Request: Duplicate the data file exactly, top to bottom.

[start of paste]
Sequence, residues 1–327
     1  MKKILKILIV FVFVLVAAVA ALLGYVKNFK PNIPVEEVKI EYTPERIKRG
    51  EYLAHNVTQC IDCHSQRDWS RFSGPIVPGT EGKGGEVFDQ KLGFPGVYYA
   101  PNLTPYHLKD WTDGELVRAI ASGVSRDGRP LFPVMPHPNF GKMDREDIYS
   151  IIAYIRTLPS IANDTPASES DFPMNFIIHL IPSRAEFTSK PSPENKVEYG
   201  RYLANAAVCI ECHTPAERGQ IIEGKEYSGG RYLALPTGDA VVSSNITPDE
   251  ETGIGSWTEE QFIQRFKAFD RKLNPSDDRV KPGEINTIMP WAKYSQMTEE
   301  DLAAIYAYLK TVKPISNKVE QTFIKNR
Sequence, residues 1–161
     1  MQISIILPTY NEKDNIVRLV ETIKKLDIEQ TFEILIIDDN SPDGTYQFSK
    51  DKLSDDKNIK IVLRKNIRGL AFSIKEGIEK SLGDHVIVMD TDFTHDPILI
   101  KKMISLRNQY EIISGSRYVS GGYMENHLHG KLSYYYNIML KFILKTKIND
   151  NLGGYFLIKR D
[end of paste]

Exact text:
Sequence, residues 1–327
     1  MKKILKILIV FVFVLVAAVA ALLGYVKNFK PNIPVEEVKI EYTPERIKRG
    51  EYLAHNVTQC IDCHSQRDWS RFSGPIVPGT EGKGGEVFDQ KLGFPGVYYA
   101  PNLTPYHLKD WTDGELVRAI ASGVSRDGRP LFPVMPHPNF GKMDREDIYS
   151  IIAYIRTLPS IANDTPASES DFPMNFIIHL IPSRAEFTSK PSPENKVEYG
   201  RYLANAAVCI ECHTPAERGQ IIEGKEYSGG RYLALPTGDA VVSSNITPDE
   251  ETGIGSWTEE QFIQRFKAFD RKLNPSDDRV KPGEINTIMP WAKYSQMTEE
   301  DLAAIYAYLK TVKPISNKVE QTFIKNR
Sequence, residues 1–161
     1  MQISIILPTY NEKDNIVRLV ETIKKLDIEQ TFEILIIDDN SPDGTYQFSK
    51  DKLSDDKNIK IVLRKNIRGL AFSIKEGIEK SLGDHVIVMD TDFTHDPILI
   101  KKMISLRNQY EIISGSRYVS GGYMENHLHG KLSYYYNIML KFILKTKIND
   151  NLGGYFLIKR D